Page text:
"There are two gentlemen who are sitting far outside Parliament who don't see eye to eye and who hold the destiny of Pakistan and 160 million people in their hands," said Mushahid Hussain, a senator and leading member of Musharraf's Pakistan Muslim League-Q party. "They're not showing leadership. There is this obsession with individuals rather than issues."
Until recently, Sharif has played bad cop to Zardari's good cop, with Sharif calling for Musharraf's immediate and unconditional ouster and with Zardari being more reserved in his criticism. But last week, Zardari called Musharraf a "relic of the past." And as newspaper headlines have trumpeted rumors of Musharraf's possible departure, other members of the Pakistan People's Party have been equally vocal in their calls for his impeachment.
"Our thinking is that the people of Pakistan no longer want Musharraf, and it would be best for him to read the political writing on the wall rather than forcing the political parties to move to impeach him," said Farahatullah Babar, a spokesman for the Pakistan People's Party. "He is a source of political instability."
On Tuesday, a Parliament session erupted into chaos when members of Sharif's party called for Musharraf's arrest and trial on treason charges amid shouts of "Go, Musharraf, go," and a member of the Pakistan People's Party apparently made a veiled threat to take violent action against the president.
But Musharraf is not without his supporters. Marvi Memon, a newly elected member of Parliament, staunchly defended him during the riotous session. In an interview, she dismissed the suggestion that Musharraf was preparing to resign, saying, "The president is a fighter."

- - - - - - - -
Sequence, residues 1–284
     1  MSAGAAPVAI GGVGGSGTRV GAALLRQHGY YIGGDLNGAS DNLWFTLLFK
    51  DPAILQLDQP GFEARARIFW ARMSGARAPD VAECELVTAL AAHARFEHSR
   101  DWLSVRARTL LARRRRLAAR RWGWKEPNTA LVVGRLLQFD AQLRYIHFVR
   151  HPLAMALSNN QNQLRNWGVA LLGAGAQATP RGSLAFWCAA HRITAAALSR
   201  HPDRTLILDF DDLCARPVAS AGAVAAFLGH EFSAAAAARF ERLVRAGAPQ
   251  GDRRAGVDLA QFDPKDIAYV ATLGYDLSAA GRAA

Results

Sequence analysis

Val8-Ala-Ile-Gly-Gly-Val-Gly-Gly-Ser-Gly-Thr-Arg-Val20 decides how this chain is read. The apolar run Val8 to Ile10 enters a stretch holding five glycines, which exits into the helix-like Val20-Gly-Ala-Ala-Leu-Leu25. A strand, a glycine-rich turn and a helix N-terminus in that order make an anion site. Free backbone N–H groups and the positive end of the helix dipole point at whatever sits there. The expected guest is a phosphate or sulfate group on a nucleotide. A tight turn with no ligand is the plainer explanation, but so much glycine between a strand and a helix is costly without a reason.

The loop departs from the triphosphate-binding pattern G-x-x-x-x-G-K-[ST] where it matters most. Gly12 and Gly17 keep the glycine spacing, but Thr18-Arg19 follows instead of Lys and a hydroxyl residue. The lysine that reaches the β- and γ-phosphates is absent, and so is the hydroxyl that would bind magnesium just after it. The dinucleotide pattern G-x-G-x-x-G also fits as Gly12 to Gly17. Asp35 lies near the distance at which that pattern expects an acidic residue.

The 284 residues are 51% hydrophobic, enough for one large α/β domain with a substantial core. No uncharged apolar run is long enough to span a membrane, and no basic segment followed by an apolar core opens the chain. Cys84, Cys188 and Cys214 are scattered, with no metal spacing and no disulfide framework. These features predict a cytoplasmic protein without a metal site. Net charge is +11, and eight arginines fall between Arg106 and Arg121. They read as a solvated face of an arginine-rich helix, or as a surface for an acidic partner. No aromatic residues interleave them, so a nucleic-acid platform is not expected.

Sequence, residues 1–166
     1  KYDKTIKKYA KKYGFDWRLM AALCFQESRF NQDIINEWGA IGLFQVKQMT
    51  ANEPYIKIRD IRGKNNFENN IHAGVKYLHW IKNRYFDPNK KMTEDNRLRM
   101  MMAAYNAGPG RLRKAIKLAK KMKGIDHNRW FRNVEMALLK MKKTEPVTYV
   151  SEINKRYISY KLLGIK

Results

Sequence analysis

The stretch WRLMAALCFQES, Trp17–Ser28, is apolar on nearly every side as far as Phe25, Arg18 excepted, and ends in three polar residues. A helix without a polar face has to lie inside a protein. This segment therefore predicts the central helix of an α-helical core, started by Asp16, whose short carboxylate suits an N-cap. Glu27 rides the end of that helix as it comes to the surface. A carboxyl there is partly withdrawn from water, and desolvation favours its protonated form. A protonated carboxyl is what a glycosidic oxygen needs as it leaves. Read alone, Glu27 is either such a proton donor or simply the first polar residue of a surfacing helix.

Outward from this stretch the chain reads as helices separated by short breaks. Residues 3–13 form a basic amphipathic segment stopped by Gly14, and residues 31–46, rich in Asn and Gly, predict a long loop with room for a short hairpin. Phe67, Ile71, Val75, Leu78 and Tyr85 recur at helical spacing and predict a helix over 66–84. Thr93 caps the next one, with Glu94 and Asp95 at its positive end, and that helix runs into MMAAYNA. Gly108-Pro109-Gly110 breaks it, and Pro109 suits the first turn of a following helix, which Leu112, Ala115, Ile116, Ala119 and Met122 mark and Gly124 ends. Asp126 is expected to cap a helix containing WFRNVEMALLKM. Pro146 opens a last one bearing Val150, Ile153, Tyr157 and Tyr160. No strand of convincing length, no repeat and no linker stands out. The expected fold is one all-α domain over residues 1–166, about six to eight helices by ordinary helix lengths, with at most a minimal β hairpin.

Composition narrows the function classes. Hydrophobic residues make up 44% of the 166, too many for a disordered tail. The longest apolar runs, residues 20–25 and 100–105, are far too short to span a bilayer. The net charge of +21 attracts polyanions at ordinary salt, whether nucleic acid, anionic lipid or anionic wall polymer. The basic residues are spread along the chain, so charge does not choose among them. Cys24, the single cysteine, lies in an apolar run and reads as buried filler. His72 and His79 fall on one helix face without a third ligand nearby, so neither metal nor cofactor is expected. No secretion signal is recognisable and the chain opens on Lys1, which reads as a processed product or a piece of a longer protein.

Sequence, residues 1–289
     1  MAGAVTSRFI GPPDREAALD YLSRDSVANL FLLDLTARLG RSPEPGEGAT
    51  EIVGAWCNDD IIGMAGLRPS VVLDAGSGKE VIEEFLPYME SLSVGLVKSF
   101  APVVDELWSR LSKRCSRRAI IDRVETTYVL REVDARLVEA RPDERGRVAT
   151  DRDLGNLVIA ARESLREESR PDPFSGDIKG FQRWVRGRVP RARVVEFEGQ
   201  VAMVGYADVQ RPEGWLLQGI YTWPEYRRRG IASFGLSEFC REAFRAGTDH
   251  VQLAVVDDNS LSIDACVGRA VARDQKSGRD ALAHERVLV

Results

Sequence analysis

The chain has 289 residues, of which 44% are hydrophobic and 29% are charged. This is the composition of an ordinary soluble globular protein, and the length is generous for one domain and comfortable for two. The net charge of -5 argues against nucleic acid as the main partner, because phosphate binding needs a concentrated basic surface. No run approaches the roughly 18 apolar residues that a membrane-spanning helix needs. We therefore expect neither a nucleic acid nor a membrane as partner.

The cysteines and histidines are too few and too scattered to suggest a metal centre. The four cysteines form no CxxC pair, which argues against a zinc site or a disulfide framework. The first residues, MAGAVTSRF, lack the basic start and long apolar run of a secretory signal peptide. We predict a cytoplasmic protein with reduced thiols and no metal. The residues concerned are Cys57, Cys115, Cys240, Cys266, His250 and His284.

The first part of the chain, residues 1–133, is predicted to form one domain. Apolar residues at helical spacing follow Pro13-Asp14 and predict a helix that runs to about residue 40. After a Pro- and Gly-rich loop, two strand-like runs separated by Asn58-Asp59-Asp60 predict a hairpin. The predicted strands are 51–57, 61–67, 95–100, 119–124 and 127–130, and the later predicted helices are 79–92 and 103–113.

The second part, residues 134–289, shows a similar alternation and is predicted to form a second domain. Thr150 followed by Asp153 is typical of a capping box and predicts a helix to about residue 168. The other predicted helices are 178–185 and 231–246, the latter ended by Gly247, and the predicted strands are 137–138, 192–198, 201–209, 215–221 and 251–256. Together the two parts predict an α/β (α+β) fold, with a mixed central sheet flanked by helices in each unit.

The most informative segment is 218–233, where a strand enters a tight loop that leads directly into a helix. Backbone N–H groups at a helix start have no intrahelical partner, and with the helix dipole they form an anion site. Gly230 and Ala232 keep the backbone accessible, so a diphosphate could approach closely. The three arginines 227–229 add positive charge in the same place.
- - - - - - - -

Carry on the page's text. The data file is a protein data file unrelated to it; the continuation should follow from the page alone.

Still, pressure on Musharraf to step down appears to be mounting in other quarters. The military he once led has been reshuffled since the appointment of his replacement, Gen. Ashfaq Kiyani. Rumors of Musharraf's imminent resignation intensified last week when Kiyani named Brig. Faheem Rao as commander of the army's Triple-One Brigade, the unit charged with maintaining presidential security, replacing a longtime Musharraf loyalist, Brig. Aasim Salim Bajwa.
Calls for the ruling coalition parties led by Sharif and Zardari to impeach Musharraf are expected to spike Tuesday when thousands of lawyers kick off a march from the southern city of Karachi to Islamabad to demand restoration of the judiciary. In recent days, several former Musharraf supporters have vowed to join the march, including a group of former servicemen believed to number in the thousands.
Retired Lt. Gen. Talat Masood, a political analyst, said the protest would probably ignite a firestorm of political unrest.
"If the lawyers movement starts on the 10th, then there will be stark choices facing the leadership in Parliament," Masood said.
Musharraf, for his part, said Saturday that he is prepared to continue working with the coalition government. "I don't want to be part of Pakistan's downfall," he said.